Before joining Steptoe, I oversaw the Justice Department’s IP criminal enforcement program.  In that role, I worked closely with others in law enforcement and with the content industry – from film and television to publishing to music – in an effort to try to stop piracy and to ensure that artists and creators of all types of IP were protected.  At that time, the world was just beginning to hear about Bitcoin but had yet to discover the many other applications for blockchain technology that go far beyond digital currencies.

Today, however, as “blockchain” is on its way to becoming a household word, we’re poised for a revolution in the protection of all types of IP.  That’s because the blockchain can be used to control and track the distribution of protected IP.  By putting IP on the blockchain, creators would have an immutable, secure, time-stamped record of the creation and distribution of their works.  In addition, it can be used to establish and enforce licenses for IP through smart contracts and even to transmit payments in real-time to IP owners.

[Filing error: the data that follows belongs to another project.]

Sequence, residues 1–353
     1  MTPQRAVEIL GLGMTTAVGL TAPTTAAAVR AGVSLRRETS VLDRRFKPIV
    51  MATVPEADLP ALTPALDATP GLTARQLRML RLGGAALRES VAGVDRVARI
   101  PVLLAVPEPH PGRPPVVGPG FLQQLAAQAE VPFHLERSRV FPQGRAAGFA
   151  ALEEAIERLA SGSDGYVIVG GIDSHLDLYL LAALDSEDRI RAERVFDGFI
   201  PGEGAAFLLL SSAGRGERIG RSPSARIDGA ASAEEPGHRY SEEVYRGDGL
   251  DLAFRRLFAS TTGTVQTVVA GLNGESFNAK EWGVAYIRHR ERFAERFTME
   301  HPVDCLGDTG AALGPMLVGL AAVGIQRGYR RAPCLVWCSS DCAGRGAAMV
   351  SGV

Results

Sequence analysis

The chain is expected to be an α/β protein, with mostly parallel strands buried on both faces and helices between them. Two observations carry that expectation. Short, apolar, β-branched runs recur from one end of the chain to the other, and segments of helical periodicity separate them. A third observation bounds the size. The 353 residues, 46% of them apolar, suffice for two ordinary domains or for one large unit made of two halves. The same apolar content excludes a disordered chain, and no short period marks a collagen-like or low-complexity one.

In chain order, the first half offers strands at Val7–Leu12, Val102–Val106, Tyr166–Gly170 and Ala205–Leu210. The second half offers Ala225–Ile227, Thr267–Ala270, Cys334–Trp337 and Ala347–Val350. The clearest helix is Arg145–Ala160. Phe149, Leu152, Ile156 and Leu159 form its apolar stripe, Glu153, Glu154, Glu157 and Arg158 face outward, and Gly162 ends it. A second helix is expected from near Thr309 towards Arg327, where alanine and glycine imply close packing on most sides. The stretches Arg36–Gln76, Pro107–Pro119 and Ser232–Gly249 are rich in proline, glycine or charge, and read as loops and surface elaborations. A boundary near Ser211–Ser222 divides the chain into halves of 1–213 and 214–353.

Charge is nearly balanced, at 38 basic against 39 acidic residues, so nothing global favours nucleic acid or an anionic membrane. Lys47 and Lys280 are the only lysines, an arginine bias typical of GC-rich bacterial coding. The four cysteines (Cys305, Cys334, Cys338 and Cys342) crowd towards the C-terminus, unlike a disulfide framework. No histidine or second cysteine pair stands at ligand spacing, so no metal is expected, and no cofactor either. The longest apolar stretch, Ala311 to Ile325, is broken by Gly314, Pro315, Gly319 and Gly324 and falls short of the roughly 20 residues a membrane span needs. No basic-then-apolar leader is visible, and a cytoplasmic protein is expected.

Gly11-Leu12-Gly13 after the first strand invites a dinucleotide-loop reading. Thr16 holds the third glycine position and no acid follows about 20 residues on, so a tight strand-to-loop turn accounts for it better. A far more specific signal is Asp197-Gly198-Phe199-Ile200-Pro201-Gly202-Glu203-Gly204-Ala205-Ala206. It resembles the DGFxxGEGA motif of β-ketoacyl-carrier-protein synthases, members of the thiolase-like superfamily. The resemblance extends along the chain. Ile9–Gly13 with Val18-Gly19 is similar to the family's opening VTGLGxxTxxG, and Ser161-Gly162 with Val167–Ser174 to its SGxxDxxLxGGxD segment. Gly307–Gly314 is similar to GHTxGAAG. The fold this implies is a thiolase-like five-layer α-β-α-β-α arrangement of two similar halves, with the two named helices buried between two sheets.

Continue Reading Can the Blockchain Block IP Theft?

This week, we will have a five-part series highlighting the legal issues presented by blockchain applications in a number of different industries. Today, we’re looking into the legal considerations of implementing the blockchain in the pharmaceutical industry.  Among other benefits, distributed ledger technology can help reduce sales of counterfeit drugs and improve supply chain management, increase the security of digital patient records, improve processing of health insurance claims, and enhance the reliability and accuracy of clinical trials.